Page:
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Why Should I Choose an Air Source Heat Pump?

As an increasingly popular source of renewable energy, an Air Source Heat Pump could provide you with the solution you have been looking for. Reducing your carbon footprint and providing effective heating / cooling within your home, this type of energy is an affordable solution to your energy needs.

An Air Source Heat Pump (ASHP) works by using natural warmth from the air. It absorbs this from the air outside your home and then introduces this as heat into your house, just like a fridge takes heat from its inside and transfers this outside. The heat produced can then be used to provide heating through radiators and underfloor heating and will also produce hot water.

As it extracts heat from the outside air, these pumps are said to be more efficient in warmer climates but as they still work effectively when the heat outside drops below 10°C, they are still an effective source of energy. The ASHP does still require some electricity to function but as it also utilises warm air, a natural source, it is still an incredibly green solution.

What are the Advantages of an Air Source Heat Pump?

• Lower fuel bills when used as an alternative to traditional heating systems.
• Is eligible for the Renewable Heat Incentive (RHI), which was set up by the government to help supplement costs.
• Lower carbon footprint.
• Heats your home and your water.
• Requires a small amount of up-keep.
• An incredibly efficient energy source.
• Can provide heat at a lower temperature and for longer periods than standard gas / oil boilers.

How does an Air Source Heat Pump Work?

The easiest way to understand how an ASHP works is by thinking of it working in the same way as your fridge at home does. Firstly, the pump works by extracting heat from the air outside, which is then absorbed into a liquid. This is then transferred through a compressor and has more heat added to it before it is used within your water and heating system in your home.

An Air Source Heat Pump can be found in two forms:

Air to Water Heat Pump – this system works alongside a wet central heating system.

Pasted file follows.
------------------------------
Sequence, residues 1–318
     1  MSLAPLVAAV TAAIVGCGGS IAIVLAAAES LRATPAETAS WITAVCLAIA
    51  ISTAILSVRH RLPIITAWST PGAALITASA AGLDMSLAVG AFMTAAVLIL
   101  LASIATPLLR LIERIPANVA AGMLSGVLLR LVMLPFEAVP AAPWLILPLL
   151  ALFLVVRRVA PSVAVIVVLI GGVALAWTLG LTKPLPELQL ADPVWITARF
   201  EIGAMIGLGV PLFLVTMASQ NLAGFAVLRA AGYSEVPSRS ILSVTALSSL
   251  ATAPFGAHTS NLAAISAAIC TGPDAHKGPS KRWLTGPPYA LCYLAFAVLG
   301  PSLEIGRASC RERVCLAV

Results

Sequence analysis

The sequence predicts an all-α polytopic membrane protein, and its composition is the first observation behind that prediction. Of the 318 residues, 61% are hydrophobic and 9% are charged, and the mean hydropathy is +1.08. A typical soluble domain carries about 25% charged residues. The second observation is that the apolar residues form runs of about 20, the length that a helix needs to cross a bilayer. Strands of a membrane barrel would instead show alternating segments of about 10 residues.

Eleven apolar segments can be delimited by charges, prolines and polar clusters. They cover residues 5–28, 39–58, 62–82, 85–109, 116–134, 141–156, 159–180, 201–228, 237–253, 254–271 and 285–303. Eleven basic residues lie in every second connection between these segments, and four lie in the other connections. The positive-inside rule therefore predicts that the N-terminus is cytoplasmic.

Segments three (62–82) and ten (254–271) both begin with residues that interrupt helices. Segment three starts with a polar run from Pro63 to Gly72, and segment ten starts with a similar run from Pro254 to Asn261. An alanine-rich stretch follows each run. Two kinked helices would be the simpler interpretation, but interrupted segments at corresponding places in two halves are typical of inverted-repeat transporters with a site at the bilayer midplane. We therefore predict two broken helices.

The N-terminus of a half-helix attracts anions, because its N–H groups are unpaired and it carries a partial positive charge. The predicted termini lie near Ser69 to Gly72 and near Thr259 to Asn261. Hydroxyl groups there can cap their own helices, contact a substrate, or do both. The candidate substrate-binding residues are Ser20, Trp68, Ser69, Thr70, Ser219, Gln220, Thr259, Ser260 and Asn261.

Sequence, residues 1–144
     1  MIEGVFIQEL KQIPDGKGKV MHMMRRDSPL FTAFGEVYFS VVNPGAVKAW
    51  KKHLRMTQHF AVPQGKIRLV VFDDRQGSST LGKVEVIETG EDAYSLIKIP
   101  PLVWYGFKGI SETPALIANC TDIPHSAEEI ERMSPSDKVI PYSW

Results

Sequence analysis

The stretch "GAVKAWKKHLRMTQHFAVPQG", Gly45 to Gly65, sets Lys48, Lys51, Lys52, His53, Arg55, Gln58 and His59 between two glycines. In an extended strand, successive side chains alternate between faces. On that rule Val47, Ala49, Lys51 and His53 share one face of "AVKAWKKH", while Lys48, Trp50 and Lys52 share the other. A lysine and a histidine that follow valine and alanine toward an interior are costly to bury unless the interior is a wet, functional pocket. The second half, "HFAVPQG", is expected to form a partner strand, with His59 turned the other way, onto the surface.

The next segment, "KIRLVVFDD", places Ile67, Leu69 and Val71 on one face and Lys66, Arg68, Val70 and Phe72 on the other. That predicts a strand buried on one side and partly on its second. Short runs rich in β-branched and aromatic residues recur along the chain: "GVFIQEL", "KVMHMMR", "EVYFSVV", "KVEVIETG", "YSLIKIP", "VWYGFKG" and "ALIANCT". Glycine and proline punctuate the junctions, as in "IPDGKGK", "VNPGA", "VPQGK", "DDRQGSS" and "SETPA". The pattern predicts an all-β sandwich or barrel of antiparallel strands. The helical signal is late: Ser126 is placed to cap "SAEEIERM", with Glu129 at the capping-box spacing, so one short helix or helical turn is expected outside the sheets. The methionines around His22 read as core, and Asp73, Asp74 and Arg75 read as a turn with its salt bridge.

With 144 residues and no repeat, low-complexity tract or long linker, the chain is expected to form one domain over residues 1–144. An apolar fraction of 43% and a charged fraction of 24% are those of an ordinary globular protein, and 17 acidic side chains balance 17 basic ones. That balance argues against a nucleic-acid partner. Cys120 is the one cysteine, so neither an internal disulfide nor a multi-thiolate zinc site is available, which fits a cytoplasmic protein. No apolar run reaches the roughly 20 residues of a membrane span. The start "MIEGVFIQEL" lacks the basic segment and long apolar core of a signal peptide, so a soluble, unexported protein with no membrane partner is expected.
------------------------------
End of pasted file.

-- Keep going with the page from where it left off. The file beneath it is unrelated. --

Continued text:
Air to Air Heat Pump – using fans, this distributes warm air around the home.

How do I Know if an Air Source Heat Pump is Suitable for My Property?

If you’re thinking about investing in an Air Source Heat Pump, you will need to consider several things before proceeding. Below are just some of the points that will need taking into consideration:

  1. What fuel is an air source heat pump best for replacing? In order to see the benefits of installing this renewable energy source, it is best to install it in place of a coal or electric heating system. When this is done, you will soon find that the air source heat pump recovers its cost far quicker.
  2. Have you got the correct insulation in your home? Installing an air source heat pump without already having sufficient insulation in your property would be a waste of time. In order to achieve maximum efficiency out of your pump, you’ll need to invest in full insulation within your home.
  3. Do you have enough space for an ASHP? As these are fitted to the outside of your property, you will need to ensure that you have enough space for it. It can be fitted onto a wall or installed on the ground, but will need to have a good amount of space so as to benefit from a decent air flow. If you can place the pump onto or near to a sunny wall, this would be very advantageous.
  4. What type of heating systems work best with an air pump? This type of pump works best with warm air heating or underfloor heating as these require a lower temperature.
  5. Can I afford to install and run an Air Source Heat Pump at my property? It’s always vital to consider the costs involved with installing an ASHP at your home. The average costs for installation and running one are approximately £7,000 to £14,000 depending on your property size, the insulation in your home and what kind of temperatures you are wanting to achieve. One way of cutting down on the costs of having one of these installed is by having it done at a time when other building work is being carried out.

What are your thoughts on heat pumps? have you an heat pump installed or thinking about purchasing? we would love to hear your thoughts below or on our heat pump forum.

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